When Magen Bynum began looking for safe products for her daughter’s sensitive skin, she discovered that many soaps are closer to detergents than traditional soap.
“This is because the mass production process removes the natural glycerin (animal or vegetable fat) from the soap, which gives it moisturizing properties, and replaces it with synthetic agents to make up the difference,” she writes on her business website. “And believe me – your skin knows the difference.”
While these “detergent bars” are more economical for companies and consumers, Bynum said many soaps and personal care products are harder on the skin, frequently causing dryness and skin irritation.
“I decided to make it my mission to educate others about plant-based beauty and provide them with natural alternatives,” she wrote.
Today, Bynum, who was named Mississippi Entrepreneur of the Year in 2021 by the Mississippi Main Street Association, is the owner of Magnolia Soap and Bath Co. with 25 stores and plans to open more.
Bynum owned a nail salon prior to entering the soap world and noticed there was a need for safer soaps and lotions for customers. So, she began creating her own products.
Her interest intensified when her first child had sensitive skin, and she became hyper-aware of irritating products. This inspired her to find plant-based ingredients compatible with her baby’s skin. When her love for making bath and beauty products grew, she said she found her new business was more successful than the nail salon.
After closing the salon, Bynum opened her first location in New Albany, Mississippi, at 119 W. Bankhead St., then opened a second store in Oxford at 2305 Jackson Ave. W. Mississippi is known as the Magnolia State, so she incorporated the flower and state into her business name.
“No matter where you are in a Magnolia Soap, the home base was always going to be Mississippi,” she said. “… I prayed so hard about every decision that was made and knew this is what God wanted me to do, and knew that he would provide, and indeed he did.”
Bynum faced a few challenges with her start-up. Magnolia Soap and Bath was mainly self-funded, but Bynum said they also used small business loans to finance the business and their 10,000 square foot warehouse. With 25 locations, comes much responsibility, such as figuring out payroll and sales tax.
With a sales management background, Bynum has relied on her leadership skills, teaching managers how to set goals and be accountable for their own store’s success. She is also responsible for sourcing ingredients for every store.
Bynum said she’s learned a lot about business from her mistakes.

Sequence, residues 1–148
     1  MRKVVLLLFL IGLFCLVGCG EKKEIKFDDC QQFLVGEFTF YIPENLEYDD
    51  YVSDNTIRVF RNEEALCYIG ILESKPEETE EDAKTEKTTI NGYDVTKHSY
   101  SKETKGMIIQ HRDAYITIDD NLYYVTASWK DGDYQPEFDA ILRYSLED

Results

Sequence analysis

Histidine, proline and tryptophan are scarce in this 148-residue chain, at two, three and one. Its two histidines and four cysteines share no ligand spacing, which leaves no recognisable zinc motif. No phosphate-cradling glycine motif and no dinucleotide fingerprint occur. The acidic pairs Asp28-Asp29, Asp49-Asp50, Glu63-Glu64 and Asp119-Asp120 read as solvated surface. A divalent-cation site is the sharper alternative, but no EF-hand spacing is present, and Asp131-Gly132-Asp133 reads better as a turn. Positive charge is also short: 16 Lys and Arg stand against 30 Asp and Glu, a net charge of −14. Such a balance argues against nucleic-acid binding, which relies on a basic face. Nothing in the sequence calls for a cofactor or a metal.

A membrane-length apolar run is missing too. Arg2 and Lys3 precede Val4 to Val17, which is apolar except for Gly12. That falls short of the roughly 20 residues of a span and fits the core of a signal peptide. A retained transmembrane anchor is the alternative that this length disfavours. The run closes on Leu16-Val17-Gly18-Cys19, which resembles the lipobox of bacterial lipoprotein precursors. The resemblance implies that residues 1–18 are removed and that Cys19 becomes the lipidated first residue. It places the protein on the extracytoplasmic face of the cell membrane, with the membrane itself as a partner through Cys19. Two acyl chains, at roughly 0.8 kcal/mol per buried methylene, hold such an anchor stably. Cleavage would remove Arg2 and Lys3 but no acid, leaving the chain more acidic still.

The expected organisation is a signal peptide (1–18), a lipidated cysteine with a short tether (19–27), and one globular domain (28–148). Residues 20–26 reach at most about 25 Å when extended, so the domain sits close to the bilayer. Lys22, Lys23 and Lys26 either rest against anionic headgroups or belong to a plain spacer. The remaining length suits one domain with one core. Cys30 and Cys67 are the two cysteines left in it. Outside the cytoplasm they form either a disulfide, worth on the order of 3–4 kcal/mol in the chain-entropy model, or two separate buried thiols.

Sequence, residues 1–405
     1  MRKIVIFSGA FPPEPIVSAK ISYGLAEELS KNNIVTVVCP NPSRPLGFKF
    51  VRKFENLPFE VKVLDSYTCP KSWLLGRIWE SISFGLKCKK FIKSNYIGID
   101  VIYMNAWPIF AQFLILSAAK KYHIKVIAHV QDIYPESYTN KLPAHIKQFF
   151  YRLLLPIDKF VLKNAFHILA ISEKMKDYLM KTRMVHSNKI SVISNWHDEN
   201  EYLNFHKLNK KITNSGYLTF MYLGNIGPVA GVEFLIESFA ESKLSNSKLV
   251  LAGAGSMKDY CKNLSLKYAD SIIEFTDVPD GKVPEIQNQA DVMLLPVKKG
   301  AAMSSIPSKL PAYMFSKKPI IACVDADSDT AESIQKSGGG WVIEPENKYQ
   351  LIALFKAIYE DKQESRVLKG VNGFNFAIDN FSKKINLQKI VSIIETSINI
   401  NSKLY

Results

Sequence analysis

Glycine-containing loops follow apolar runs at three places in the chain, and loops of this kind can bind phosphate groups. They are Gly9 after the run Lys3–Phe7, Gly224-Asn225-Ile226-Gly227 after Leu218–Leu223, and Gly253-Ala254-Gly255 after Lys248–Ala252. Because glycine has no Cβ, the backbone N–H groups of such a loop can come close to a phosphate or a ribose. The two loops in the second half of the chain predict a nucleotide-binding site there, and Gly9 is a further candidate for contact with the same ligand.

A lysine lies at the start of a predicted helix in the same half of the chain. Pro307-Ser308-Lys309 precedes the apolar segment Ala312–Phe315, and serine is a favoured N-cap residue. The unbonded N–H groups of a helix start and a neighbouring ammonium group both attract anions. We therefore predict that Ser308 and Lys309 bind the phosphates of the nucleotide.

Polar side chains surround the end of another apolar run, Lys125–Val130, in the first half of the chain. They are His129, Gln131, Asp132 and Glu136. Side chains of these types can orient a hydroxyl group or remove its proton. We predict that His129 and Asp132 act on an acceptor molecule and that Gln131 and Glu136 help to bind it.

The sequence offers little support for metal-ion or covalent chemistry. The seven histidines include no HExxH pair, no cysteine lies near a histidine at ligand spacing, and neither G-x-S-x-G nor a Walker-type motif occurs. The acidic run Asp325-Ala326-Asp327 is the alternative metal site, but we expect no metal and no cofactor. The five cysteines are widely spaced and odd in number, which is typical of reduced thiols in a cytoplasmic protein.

“I’m a hustler. I’m gonna make it happen. My personality type, I don’t get distraught over a mistake. I have the mindset of learning from it and moving forward.”Magen Bynum
Magnolia Soap and Bath Co. is mostly known for its bar soaps infused with coconut, olive and pine oil. The next best-selling product is their laundry detergent that customers can match with any scent in the store. Magnolia Soap also sells whipped sugar scrubs, whipped body butters, bath bombs, a pet line, a men’s line, and a home line.
“I play a lot,” said Bynum. “I’m always back at the New Albany store mixing and making.”
Bynum said she has perfected a recipe for her plant-based products with ingredients that nourish and hydrate skin.
“Make sure what you’re putting on your body is safe and as close to nature as you can get,” she said.
Bynum said her products are free of harsh chemicals and parabens.
“Yes, we can get the ingredients somewhere else for $20 dollars cheaper,” she said, “but I would rather increase our prices a little, than decrease the quality of our ingredients, and compromise the integrity of our products.”
Bailey Rhynes, manager of the Oxford Magnolia Soap and Bath Co. store, said she admires Bynum personally and professionally.
“She is such an overachiever,” Rhynes said. “That is contagious to the rest of her staff. She never gets comfortable with her success. Instead, she always pushes for growth and improvement in our work ethics, product additions, and customer satisfaction.”
When customers are satisfied, it’s not enough, Rhynes said.
“She wants them to be mesmerized by our company as a whole,” she said. “She not only wants to grow her company and brand, but also the type of people her staff sets out to be as they encounter their future endeavors.”
Bynum hopes others will sample her creations.
“You can talk about your products all day and implement all the marketing in the world,” she said, “but when someone actually tests your products on their skin, they can see benefits, leading to word of mouth and growth for your business.”